Plant Improvements

Water Is Free. Why Do We Have To Pay For It?

December, 2015

All of the water that we treat at the Curran-Gardner Water District comes from underground via wells. It is there for the taking, but the taking is what costs us.

Before we take a look at all of these costs, the end result is that we consistently meet all federal and state regulations, we do not exceed any contaminant levels, and our customers have a safe quality product 24/7 by just a turn of a faucet handle.

Let’s start with our wells. It can cost us hundreds of thousands of dollars to install just one well. Land, easements, engineering, archeological & endangered species studies, well installation, disinfection, sampling, and, of course, the piping, well pump and motor, and electrical controls all figure into this cost.

The costs for the operation of our wells doesn’t stop there. Electricity to pump the water to the treatment plant, routine maintenance, and monthly Illinois Environmental Protection Agency sampling fees are on-going costs. For example, we recently had to replace one well motor and this alone cost $5,500.00.

Once the water is pumped into our plant it, is treated with a variety of chemicals. We utilize chlorine gas for disinfection purposes, lime to soften our water, and fluoride to help prevent dental caries. Due to the large amount of water that we treat for our customers, we spend a lot of money on these chemicals. For example, we may utilize 20 tons or more of lime per month for the softening process. We also run the water through sand media filters to remove any suspended material and to improve water clarity.

After we use the lime to soften our finished water, we have to deal with the disposal of the sludge left behind. Our district spent $79,000.00 in September of this year to have this sludge hauled from our plant lagoons.

Again, we have a lot of the same expenses in the plant as on the wells such as electricity and we also have laboratory analysis costs to ensure that your water is safe. The United States Environmental Protection Agency Safe Drinking Water Act requires us to test for over 75 different potential contaminants in addition to the daily tests that we perform every morning.

Next, let’s discuss our distribution system. We have miles of water mains to get water to your front door. While water main material and installation costs are expensive, we can’t forget that we also have to include hydrants for fire protection and the flushing of our mains, shut-off valves, valve boxes, meters,and meter pits and lids.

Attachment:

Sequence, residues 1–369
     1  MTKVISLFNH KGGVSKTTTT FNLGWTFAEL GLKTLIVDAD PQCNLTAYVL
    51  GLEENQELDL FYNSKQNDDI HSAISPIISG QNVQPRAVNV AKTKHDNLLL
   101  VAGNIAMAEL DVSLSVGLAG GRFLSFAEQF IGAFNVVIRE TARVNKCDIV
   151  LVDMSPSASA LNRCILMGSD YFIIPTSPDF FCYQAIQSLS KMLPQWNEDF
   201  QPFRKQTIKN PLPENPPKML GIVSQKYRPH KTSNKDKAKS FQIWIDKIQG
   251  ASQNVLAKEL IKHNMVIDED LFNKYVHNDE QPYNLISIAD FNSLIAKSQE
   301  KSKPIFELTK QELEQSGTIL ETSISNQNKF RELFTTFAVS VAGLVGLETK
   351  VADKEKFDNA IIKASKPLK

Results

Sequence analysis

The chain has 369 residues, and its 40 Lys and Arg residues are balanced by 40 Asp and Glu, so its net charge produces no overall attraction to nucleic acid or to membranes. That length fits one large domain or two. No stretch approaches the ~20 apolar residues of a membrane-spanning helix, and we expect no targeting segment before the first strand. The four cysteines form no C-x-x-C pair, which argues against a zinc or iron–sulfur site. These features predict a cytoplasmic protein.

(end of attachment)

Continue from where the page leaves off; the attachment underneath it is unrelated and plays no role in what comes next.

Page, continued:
While a lot of our system is out of sight, so out of mind, our elevated water storage tanks are definitely seen by you our customers. The initial cost of these tanks run hundreds of thousands of dollars to install and just a single sandblasting/repainting job can run well over $100,000.

And, then there are the controls that we have in place that shows us what the system is doing. To top all of these expenses off, we can’t forget to include the wages and benefits of our Illinois Environmental Protection Agency-certified water operators as well as the equipment needed to get around to perform routine maintenance, to read the water meters, and to install or repair our distribution system components. And then there’s the “little” things that run the cost of water up:

  1. The costs of required training for our certified operators: Our Illinois Environmental Protection Agency-certified Class A operators are required to obtain 30 hours of approved training every three years.
  2. The cost to our system of performing J.U.L.I.E. locating: J.U.L.I.E. charges member utilities such as ours over $2.00 for each faxed location request. This doesn’t include the labor or travel costs to the location site to mark our utilities.
  3. The cost of the administrative building’s maintenance, utilities and office staff.
  4. The cost of reading our meters, printing the bills, and the postage to forward them to our customers.
  5. The on-going cost of meeting new and ever-changing federal and state regulations and mandates.
  6. Debt service.


As you can see from this information, it’s a long, costly road from the wellhead to your tap. And, unfortunately, nothing lasts forever.

Our current plant was constructed in 1969 with only a few upgrades since. Due to the deterioration of the plant, because of age and usage and the need for future pumping capacity, we are pursuing a major plant upgrade.

Based on the design plan developed by our engineering firm, it is estimated that the cost of this upgrade will be $4,040,000.00. You can review this plan in its entirety at This cost is significant and your water district board has not taken this fact lightly. However, many of the plant’s components are nearing or have surpassed their lifespans with many of the original parts no longer available. The need for an increase in water rates to fund this project is unavoidable.

We plan to hold an informational meeting in the very near future to show what funding options we have available to us as well as to address your questions and concerns. You, our customers, will be notified of the date, time, and location of this meeting.

A copy of the Newsletter can be downloaded in PDF format by clicking on this link: NewsletterDecember2015.pdf

A copy of the Preliminary Engineering Report can be downloaded by clicking on this link: 620054140820 Revised PER.pdf